Risky Driving in Response to Peer Pressure
“Susceptible to Social Influence: Risky Driving in Response to Peer Pressure” was published in the Journal of Applied Social Psychology in April of 2011. Its authors focus on the direct response of micro peer pressuring of a driver within an automobile, and the driver’s resulting behavior. The authors hypothesis that peer pressure encouraging riskier driving behavior would result in faster speeds and more accidents. It was suggested that social influence, whether normative or informational, can affect driving behavior, as well as risky decision making (Shepherd, 2011).
Two studies performed a driving simulation with college students who were encouraged to drive riskier, faster, or safer. Sometimes, they were informative encouragement. And in some cases they were not encouraged at all. The first study focused on inducing social influence while measuring risky driving behavior with the two measurement variables being max speed and number of collisions. The driving simulation used was “Enthusia Professional Racing for Sony PlayStation”, a video game which participants possessed varying levels of experience.
Study 1 proved that social influence (and peer pressure) can directly manipulate driving behavior (Shepherd, 2011). Although, the study only included male participants, questioning the overall generalization of the results. Study 2 included female participants as well and was produced in an attempt to replicate the findings of the original study. Women drivers experienced even higher collision rates than male participants in either study when encouraged to drive riskier, although they also achieved safer driving scores when encouraged to drive safely (Shepherd, 2011). Both studies concluded that peer pressuring drivers can lead to an increase in riskier behavior, speed, and collisions.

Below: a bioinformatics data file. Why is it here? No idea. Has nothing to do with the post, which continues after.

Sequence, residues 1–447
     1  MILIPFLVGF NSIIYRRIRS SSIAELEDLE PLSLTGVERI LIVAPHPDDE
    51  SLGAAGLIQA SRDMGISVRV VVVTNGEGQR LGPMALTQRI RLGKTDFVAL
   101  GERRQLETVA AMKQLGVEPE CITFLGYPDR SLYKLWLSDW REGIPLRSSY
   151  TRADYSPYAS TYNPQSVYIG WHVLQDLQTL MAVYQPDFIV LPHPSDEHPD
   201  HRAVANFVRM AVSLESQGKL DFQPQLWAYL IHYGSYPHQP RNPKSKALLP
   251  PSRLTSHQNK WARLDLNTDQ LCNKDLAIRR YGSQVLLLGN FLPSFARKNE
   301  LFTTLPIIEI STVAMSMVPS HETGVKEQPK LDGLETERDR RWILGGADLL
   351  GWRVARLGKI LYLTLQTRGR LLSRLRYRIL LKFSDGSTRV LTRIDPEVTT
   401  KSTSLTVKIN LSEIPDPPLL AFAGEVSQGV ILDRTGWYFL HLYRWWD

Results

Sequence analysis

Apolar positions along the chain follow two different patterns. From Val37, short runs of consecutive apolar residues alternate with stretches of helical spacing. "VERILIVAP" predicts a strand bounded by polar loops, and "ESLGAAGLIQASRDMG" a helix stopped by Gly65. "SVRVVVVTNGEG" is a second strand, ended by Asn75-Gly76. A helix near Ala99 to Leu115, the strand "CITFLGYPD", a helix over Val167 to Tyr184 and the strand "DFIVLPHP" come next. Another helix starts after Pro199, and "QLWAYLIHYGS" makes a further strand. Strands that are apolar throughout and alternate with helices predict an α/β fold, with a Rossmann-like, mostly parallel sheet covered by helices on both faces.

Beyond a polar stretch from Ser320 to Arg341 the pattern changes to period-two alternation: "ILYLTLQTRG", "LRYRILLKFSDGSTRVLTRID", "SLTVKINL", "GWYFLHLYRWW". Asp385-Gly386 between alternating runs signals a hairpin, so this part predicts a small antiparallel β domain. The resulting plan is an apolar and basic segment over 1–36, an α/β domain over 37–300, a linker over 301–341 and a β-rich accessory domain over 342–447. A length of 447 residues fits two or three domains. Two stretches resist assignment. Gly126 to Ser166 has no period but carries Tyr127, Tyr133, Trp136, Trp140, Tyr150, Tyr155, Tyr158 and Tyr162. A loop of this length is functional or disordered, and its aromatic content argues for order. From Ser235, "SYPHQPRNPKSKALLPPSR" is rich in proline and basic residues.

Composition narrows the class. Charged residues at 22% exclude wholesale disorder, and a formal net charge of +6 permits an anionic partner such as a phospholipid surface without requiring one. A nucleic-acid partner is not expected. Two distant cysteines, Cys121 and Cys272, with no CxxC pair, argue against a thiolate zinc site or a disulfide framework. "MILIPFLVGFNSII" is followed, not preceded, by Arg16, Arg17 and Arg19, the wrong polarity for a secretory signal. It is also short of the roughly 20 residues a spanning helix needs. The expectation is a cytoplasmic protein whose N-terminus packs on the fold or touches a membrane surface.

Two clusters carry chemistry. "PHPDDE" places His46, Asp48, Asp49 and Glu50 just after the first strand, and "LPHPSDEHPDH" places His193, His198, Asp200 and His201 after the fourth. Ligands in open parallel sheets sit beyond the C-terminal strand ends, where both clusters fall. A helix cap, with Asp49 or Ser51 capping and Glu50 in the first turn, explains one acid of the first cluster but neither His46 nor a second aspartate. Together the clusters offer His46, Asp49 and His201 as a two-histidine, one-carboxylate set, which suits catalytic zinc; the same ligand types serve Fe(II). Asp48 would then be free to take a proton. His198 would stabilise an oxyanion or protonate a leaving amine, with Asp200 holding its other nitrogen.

The ultimate value of the studies extends beyond the effects of peer pressure on risky driving behavior. The authors have essentially found a micro-specific way to prove that peer pressure holds the potential to manipulate risky decision making. While the samples possessed flaws, with one sample only including males and both samples focusing on a video game, it is a simple reminder that social influences an modify behavior in a variety of settings. The article provided a simple way to measure social influence which can be replicated across other aspects of interaction within a social group.
Shepherd, J., Lane, D., Tapscott, R., Gentile, D., SHEPHERD, J., LANE, D., TAPSCOTT, R., & GENTILE, D. (2011). Susceptible to Social Influence: Risky “Driving” in Response to Peer Pressure1. Journal of Applied Social Psychology., 41(4), 773–797. https://doi.org/10.1111/j.1559-1816.2011.00735.x